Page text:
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Title: Development of a genetic algorithm for real time water allocation and water scheduling in complex irrigation systems
Author: Bhaktikul, Kampanad
Awarding Body: University of Edinburgh
Current Institution: University of Edinburgh
Date of Award: 2001
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An optimisation approach based on Genetic Algorithms (GAs) is developed for real time allocation of irrigation water supplies. Appropriate objective functions for the water allocation problem have been derived previously and solved using quadratic programming (QP). There had been concerns that the QP approach may become computationally bounded for large systems. It was also thought that the approach would be difficult to apply to water scheduling problems. This research describes work on the development of a GA for the water allocation problem. Although GAs have been actively researched for 30 years, only one previous application to an irrigation problem has been found in the literature. The GA approach is very flexible, and is easily set up for a wide range of linear and non-linear objective functions. In developing the GA solver the intention was to have a generic code easily adapted and used. This has been achieved and the same core routine are used for a wide range of problems. Applied to the water allocation problem, the GA approach can provide solutions that are similar to those produced by QP. It is, however, sensitive to string length, and has difficulty in meeting nodal water balance constraints. It is concluded that the GA approach offers no advantage over QP for the water allocation problem. Further development of a Genetic Algorithm (GA) to solve an irrigation water scheduling problem is described. The objective is to optimise the utilisation of water resources during water stress periods in irrigation systems operating on a rotational basis. Objective functions for the water scheduling problem are developed. Solutions are presented using a GA, and the advantages and shortcomings of different approaches are discussed. The objective is to minimise the irrigation water supply to the system when adequate supplies exist, and to distribute crop stress in an equitable manner in periods of water shortage. It was demonstrated that a formulation called the "Zero-1" approach was most effective in solving the problem, performing significantly better than traditional systems, and more recent scheduling developments. A number of practical applications are presented that demonstrate the effectiveness of the GA approach.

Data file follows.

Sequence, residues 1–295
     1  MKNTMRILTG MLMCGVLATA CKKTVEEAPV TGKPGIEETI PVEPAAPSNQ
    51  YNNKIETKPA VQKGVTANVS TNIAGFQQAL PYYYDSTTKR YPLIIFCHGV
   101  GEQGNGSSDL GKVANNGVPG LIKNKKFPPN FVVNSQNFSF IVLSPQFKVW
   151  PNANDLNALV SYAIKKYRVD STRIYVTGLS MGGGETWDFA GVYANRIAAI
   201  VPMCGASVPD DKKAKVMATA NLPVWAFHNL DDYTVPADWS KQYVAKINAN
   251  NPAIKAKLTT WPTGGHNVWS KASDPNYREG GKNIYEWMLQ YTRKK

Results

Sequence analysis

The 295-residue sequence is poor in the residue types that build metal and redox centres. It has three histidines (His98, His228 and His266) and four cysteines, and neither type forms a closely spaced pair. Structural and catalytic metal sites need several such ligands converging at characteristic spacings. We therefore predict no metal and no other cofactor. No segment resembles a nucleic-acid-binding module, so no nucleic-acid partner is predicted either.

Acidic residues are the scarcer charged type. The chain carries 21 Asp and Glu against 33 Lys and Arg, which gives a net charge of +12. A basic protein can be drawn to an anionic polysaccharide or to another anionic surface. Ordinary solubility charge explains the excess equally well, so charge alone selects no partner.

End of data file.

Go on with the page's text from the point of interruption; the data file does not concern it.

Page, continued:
Supervisor: Not available Sponsor: Not available
Qualification Name: Thesis (Ph.D.) Qualification Level: Doctoral
EThOS ID:  DOI: Not available